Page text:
When I was growing up, my family was transplanted from the level, rich soil of Indiana to the red clay hills of Tennessee. With high hopes we set our sights on southern climes while promising to keep in touch with friends and relatives whose only notion of life in the South came from watching “Hee Haw” on tv.
“They’ll be back before the snow flies,” they murmured to each other, nodding sagely.
They doubted that such pure Mid-westerners as my father, Earl, who had played the cornet in a German band, and my mother, Rose Marie, who had even played her accordion on the radio one time, could ever feel quite at home in the land of cotton, moonshine, and hillbilly high jinks. Not to mention that time change business. Where we were from nothing was more controversial than Daylight Savings Time.
But I never heard my parents express a single qualm about the move, even on the long drive to Knoxville. Although, it’s true they didn’t discuss much on car trips anyway since a stint as an artillery instructor had left my dad slightly hard of hearing in one ear. Light conversation takes on new meaning when it must be repeated frequently and loudly.
But if they did harbor any worries, they need not have, for not only were they well-equipped with positive attitudes, square dancing skills, and tips from Dale Carnegie… they played bridge. I don’t know how to play bridge yet, but it’s on my to-do list, right after acquiring a second language and learning how to knit.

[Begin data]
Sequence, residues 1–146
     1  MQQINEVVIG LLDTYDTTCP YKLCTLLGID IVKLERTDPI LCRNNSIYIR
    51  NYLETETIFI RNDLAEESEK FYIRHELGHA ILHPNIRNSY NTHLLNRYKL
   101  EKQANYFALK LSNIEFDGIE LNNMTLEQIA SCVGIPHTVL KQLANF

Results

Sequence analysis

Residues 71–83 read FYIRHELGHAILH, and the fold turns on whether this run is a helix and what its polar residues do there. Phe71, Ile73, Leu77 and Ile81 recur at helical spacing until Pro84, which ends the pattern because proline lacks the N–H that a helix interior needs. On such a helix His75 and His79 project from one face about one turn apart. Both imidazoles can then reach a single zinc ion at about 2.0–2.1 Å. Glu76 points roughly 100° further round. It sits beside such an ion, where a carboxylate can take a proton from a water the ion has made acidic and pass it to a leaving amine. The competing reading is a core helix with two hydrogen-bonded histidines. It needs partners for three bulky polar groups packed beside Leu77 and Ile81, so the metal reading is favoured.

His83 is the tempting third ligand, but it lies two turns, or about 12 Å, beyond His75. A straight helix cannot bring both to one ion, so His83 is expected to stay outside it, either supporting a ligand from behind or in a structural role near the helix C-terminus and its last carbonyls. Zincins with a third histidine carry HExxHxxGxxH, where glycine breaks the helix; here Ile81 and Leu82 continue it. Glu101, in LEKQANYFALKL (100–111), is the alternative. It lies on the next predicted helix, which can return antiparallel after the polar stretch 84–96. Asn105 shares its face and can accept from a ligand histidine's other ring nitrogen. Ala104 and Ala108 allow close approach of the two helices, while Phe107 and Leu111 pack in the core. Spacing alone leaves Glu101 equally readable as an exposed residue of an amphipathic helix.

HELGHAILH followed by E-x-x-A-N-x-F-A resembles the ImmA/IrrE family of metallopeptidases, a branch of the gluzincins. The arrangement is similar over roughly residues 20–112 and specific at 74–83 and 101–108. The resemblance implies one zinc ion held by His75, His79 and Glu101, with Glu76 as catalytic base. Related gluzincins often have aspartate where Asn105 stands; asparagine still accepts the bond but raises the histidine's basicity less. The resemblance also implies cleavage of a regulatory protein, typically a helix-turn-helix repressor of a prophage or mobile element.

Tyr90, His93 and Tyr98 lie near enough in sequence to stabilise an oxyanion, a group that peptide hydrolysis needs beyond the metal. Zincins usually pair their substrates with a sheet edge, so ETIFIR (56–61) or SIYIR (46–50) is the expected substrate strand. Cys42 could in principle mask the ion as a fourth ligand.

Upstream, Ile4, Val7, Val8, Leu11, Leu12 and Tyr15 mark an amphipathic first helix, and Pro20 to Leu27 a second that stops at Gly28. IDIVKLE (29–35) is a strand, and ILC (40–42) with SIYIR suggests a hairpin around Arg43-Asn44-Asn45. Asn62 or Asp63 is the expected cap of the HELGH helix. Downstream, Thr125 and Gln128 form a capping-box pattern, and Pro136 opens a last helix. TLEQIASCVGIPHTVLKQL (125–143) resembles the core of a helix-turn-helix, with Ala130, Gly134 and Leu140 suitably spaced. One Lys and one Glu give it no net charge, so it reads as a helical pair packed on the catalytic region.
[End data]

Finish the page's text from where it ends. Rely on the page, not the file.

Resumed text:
We had scarcely hung up our hats, much less our Black Forest cuckoo clock, before Mom was invited to her first afternoon bridge party. And, except for that one unfortunate reaction to a shrimp salad, she had a fun summer getting to know the other ladies in the neighborhood.
Soon came the advent of evening bridge parties with husbands included. When it was our turn to host, Mom would rummage in the cabinets for two large Pyrex pans to make Cherry Delight, a delicious, chilled dessert with a graham cracker crust and luscious layers of sweetened cream cheese and cherry pie filling. My brother and I (and little sister when she got old enough) would help serve it to the guests on pretty, etched-glass plates and then help ourselves to some, too, before toddling off to bed with visions of Cherry Delight for breakfast dancing in our heads.
Now, like many people, I find myself living in a town where I scarcely know my neighbors. And it’s been quite a while since I’ve been invited anywhere without being expected to support a worthy cause, load up on frightfully expensive (though exquisitely women) baskets, or invest in spray vitamins. I believe it’s time to re-evaluate my priorities, put off the knitting and French lessons, and rustle up a bridge group of my own. But first I need some new Pyrex pans.
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